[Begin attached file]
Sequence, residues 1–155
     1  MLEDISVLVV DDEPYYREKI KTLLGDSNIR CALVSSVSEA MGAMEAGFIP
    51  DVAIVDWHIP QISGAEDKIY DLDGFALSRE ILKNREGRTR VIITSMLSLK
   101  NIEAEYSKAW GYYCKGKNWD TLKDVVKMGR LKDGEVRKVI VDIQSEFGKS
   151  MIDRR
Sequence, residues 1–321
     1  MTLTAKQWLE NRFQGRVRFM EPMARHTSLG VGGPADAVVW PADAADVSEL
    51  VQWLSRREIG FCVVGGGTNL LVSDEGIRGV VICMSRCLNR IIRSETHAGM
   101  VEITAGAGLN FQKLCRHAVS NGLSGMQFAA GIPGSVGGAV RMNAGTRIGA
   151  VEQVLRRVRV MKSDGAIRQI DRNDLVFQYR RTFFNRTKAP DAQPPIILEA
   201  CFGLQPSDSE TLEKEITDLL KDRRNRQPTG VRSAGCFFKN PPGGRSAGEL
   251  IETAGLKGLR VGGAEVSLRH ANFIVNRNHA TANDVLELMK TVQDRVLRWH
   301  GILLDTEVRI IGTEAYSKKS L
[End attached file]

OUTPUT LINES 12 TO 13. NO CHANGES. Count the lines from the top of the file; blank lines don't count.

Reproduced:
   251  IETAGLKGLR VGGAEVSLRH ANFIVNRNHA TANDVLELMK TVQDRVLRWH
   301  GILLDTEVRI IGTEAYSKKS L